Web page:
Sir Mo Farah’s PE teacher says star had ‘no other option but to lock away past’

·3-min read

Sir Mo Farah’s former PE teacher Alan Watkinson said the athlete had “no other option” but to “lock away” his past during his rise to greatness.

A BBC documentary, The Real Mo Farah, revealed the four-time Olympic champion was trafficked into the UK aged nine under another child’s name.

Sir Mo first confided in Mr Watkinson, who then helped him find a foster family and obtain British citizenship.

Speaking on Good Morning Britain, Mr Watkinson was asked if it was difficult to watch the athlete sell a story that was not true as his profile grew.

He said: “It was really difficult, but he was in that situation where, really, he had no other option.

“I think the progress he was making as an athlete, the knowledge that if this story came out at any particular time, what would that mean for him?

“I believe he locked that away because he wanted to focus on the thing that drove him.”

Following the film’s broadcast on Wednesday, Mr Watkinson received an outpouring of love for helping his former pupil.

Sir Mo Farah File Photo
Great Britain’s Mo Farah celebrates winning the Men’s 10,000m final at the Olympic Stadium, London (John Giles/PA)

Speaking about the “secret” he held for many years, Mr Watkinson said: “I know a lot of his friends were saying to him, ‘Are you sure? Do you really want to do this? Can’t you just leave it alone? You’ve got a really nice life; this could cause you all sorts of problems.’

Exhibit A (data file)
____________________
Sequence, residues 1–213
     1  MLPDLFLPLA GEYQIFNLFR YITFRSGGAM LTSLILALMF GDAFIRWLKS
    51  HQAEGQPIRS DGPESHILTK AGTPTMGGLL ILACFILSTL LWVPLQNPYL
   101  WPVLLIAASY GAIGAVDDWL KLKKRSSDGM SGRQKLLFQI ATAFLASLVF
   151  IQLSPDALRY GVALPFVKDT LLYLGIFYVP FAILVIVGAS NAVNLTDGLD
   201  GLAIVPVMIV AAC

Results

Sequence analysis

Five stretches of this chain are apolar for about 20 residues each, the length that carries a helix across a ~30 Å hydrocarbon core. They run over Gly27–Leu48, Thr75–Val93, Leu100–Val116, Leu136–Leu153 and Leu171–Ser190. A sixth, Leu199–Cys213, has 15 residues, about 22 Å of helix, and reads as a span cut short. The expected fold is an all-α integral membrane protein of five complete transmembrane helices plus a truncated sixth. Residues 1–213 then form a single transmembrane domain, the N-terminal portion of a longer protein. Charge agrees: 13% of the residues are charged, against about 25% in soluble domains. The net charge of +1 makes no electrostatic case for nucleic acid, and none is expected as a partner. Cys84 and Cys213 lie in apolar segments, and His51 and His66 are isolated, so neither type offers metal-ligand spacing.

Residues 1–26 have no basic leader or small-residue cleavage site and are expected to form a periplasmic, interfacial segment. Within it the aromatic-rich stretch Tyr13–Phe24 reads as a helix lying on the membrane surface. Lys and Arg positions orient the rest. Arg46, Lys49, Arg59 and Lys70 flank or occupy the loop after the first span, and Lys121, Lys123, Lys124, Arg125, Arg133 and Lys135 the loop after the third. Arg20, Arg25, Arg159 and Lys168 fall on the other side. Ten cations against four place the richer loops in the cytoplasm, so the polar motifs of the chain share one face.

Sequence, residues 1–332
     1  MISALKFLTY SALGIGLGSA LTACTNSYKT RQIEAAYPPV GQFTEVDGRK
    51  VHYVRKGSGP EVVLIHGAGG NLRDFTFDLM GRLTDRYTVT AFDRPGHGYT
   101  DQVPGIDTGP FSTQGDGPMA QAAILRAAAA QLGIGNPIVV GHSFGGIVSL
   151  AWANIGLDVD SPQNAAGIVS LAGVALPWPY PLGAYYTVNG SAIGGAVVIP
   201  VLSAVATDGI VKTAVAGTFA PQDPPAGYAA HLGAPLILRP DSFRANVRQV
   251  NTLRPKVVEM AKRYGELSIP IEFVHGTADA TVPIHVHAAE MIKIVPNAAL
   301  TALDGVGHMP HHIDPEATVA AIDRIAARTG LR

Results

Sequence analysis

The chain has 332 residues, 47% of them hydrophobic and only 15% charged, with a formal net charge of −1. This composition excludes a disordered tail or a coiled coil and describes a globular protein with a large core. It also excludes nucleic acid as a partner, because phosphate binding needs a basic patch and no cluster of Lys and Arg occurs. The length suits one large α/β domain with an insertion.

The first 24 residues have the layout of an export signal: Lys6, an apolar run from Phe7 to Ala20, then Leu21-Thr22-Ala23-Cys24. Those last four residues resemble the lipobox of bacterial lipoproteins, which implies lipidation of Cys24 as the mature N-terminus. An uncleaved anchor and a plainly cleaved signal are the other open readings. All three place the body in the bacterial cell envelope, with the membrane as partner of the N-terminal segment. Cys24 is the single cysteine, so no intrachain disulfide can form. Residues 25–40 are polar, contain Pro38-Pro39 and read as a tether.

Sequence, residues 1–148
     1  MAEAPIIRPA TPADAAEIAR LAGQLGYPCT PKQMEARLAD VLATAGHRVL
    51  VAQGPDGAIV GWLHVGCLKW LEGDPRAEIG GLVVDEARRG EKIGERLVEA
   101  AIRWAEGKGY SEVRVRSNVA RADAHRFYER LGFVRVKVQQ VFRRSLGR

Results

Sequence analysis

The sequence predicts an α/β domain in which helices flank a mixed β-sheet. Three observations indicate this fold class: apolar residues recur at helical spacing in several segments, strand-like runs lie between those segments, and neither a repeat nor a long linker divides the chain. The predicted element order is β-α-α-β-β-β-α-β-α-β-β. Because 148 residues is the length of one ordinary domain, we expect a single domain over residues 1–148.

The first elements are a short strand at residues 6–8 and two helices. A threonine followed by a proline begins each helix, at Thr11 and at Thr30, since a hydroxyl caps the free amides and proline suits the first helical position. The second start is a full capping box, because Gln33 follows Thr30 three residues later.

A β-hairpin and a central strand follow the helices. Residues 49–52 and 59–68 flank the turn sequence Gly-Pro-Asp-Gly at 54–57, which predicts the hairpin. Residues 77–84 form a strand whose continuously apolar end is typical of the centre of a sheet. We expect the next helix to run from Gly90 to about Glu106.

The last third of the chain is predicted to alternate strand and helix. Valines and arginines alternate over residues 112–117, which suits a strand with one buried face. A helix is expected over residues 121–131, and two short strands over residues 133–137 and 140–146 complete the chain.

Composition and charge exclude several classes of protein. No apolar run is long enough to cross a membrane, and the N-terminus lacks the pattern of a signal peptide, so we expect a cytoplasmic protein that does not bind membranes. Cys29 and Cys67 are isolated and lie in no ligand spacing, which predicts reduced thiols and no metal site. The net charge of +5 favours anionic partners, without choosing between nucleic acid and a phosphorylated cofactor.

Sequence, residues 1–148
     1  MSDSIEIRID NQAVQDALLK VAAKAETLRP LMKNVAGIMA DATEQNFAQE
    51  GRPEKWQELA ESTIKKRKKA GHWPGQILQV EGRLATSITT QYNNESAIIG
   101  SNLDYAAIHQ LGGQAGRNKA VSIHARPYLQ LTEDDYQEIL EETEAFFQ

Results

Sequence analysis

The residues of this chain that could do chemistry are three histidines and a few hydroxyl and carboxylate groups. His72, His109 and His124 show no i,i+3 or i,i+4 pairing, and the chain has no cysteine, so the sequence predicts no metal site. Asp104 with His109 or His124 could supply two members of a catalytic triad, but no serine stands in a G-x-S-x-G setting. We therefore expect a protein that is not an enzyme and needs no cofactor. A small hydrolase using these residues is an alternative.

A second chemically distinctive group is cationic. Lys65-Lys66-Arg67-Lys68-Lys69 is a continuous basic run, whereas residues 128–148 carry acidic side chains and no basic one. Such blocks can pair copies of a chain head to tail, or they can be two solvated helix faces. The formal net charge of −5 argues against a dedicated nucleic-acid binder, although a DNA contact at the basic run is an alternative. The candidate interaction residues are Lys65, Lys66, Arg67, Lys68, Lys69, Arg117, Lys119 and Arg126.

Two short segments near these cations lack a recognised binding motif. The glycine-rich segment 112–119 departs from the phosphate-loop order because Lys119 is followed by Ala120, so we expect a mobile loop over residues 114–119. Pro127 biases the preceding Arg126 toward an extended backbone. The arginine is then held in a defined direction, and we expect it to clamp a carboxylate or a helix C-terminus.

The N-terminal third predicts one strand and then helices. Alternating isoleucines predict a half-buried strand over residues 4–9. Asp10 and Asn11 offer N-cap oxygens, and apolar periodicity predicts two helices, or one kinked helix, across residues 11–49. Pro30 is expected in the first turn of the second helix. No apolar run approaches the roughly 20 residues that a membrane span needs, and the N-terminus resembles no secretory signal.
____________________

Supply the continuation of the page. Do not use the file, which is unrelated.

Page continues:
“But I know Mo. When he decides he wants to do something, he goes and does it, and more often than not his instinct is right.

“I knew from what he said to me he had to do it. It was something he was very, very exercised about.”

Mr Watkinson said Sir Mo “came alive” during PE lessons because it was “the one enjoyment he had” and the “one way he could express himself”.

He said: “I saw a very different side to him than other people saw. He was quite aggressive in his first year at school. He had no access to the curriculum because he couldn’t speak the language and he had a really, really difficult time.

“There is no way I would have guessed, maybe naivety as a young-ish PE teacher, and it was a real bombshell.”

He said Sir Mo “has always been” the person portrayed in the documentary.

“I have known for a considerable part of his life he is such a generous and lovely guy. You always forgive him everything because he turns up with this big smile on his face and he is such engaging company, and I think you will probably see more of him now. The guard will be lifted,” Mr Watkinson said.

He does not think Sir Mo is “looking for retribution” following the launch of a police investigation into his trafficking, he added.